Eurobike 2017 To Present Bicycle Digitalization
FRIEDRICHSHAFEN, Germany – Digitalization, connectivity, and big data are increasingly becoming the focus of all bicycle industry stakeholders. It will be the main topic with far reaching consequences for the bicycle industry at Eurobike 2017, expects organizer Messe Friedrichshafen.
Now the e-drive can be found in all bicycle categories, more and more suppliers realize that an e-bike can be visually more than a bike with a rechargeable battery and motor added on. “The upcoming Eurobike will feature unusual designs that are only vaguely reminiscent of the classic bicycle,” says Eurobike show manager Stefan Reisinger.
“System integration is the focal point here, and we are not just talking about looks: All electric features of the bicycle can be regulated by using one control unit. This is not just technical possibility but already being implemented. A link with smartphones is already regarded standard.” This and more news will be on display at Eurobike 2017 which takes place from August 30 to September 2. On the final day, September 2 the Eurobike will be open to the general public.
The digital bike at Eurobike
Incidentally, a digital bike does not necessarily have to be an e-bike. The electric drive support is not required to have a lot of electronics on a bicycle. Networking bicycles among one another in order to allow them to move more quickly and safely in rush-hour traffic, for example, is not only a vision of the future, but it is technically feasible, as technology conglomerate Microsoft demonstrated at last year’s Eurobike.
This digitalization of the bicycle and its infrastructure is being shaped by specialized service providers with expertise not only in the bicycle industry but also in software development such as for Sitael with ESB connectivity system. These include also young emerging companies such as Cobi and Bloks, which are completely dedicated to the idea of bicycle connectivity.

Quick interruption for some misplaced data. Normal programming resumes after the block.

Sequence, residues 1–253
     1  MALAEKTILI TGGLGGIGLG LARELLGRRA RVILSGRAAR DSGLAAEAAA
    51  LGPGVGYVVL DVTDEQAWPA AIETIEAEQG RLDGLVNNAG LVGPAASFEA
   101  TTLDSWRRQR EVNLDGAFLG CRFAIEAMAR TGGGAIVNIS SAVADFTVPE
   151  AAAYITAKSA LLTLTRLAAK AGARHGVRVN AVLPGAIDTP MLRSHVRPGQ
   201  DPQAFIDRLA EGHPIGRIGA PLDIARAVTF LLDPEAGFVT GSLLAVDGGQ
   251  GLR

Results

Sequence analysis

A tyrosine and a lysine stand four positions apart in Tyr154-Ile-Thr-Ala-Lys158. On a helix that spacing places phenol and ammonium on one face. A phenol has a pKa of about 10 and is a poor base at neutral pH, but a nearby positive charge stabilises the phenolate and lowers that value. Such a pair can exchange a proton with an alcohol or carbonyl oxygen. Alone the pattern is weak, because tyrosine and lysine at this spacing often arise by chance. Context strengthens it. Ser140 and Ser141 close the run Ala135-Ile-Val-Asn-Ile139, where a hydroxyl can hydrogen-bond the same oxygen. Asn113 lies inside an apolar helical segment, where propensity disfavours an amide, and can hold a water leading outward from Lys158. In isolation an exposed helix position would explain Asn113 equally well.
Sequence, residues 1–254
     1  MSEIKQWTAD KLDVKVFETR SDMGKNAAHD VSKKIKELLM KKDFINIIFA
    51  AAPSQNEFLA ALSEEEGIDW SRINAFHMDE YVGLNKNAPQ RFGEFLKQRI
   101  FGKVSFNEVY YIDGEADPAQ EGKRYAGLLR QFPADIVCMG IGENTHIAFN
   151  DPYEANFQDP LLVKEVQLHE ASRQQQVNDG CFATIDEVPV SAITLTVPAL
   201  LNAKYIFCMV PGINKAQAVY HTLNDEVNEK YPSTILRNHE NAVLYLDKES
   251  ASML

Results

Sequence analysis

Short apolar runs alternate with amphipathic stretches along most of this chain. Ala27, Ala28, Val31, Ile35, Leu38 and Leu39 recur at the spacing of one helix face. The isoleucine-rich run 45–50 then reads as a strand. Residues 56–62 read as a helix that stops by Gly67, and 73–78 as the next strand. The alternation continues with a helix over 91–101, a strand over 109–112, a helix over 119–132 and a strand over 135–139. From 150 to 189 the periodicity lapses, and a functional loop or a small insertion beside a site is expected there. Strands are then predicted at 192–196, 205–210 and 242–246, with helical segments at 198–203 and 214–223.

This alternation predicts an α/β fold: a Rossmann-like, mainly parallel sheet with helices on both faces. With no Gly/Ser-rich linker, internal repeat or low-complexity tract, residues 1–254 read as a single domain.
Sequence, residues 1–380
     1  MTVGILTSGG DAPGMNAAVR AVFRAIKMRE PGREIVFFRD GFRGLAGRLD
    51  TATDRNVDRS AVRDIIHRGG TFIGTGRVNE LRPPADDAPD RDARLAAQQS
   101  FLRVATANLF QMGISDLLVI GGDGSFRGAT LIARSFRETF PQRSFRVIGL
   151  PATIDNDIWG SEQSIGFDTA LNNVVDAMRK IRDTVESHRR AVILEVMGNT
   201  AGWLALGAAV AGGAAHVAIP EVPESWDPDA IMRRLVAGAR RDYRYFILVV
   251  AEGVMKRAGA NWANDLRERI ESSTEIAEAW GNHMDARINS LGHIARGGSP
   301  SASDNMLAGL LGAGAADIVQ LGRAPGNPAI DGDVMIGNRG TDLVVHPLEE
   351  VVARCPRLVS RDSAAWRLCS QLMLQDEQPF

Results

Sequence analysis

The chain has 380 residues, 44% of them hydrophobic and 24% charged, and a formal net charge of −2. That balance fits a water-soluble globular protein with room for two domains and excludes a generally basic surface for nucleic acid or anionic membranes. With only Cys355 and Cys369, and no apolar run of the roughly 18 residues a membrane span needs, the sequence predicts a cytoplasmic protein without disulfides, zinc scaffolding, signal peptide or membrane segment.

Others like social media network Strava, operate a dedicated data service with Strava Metro. This service collects and analyses the paths taken by pedestrian and bicycle commuters registered on the network. “Strava Metro’s anonymized data, such as preferred routes and times of day, can help urban planners significantly improve and re-design traffic routes and traffic flow,” explains Simon Klima from Strava.
At present, cities with a total population of 160 million are already using data from Strava Metro. E-bike manufacturers are also advancing bicycle networking: Swiss Stromer, has fully committed to the digital bike, which it describes as ‘smart and learning from the individual riding behaviour.’
“The economic importance of the e-bike today can be seen in the current figures of the bicycle industry. According to Germany’s bicycle retailer association, the share of sales of e-bike at German bicycle dealers was 35 percent in 2016. In units the number of e-bike sold last year increase by 11 percent and the average retail price of e-bike went up to 2,500 euros,” Stefan Reisinger reports.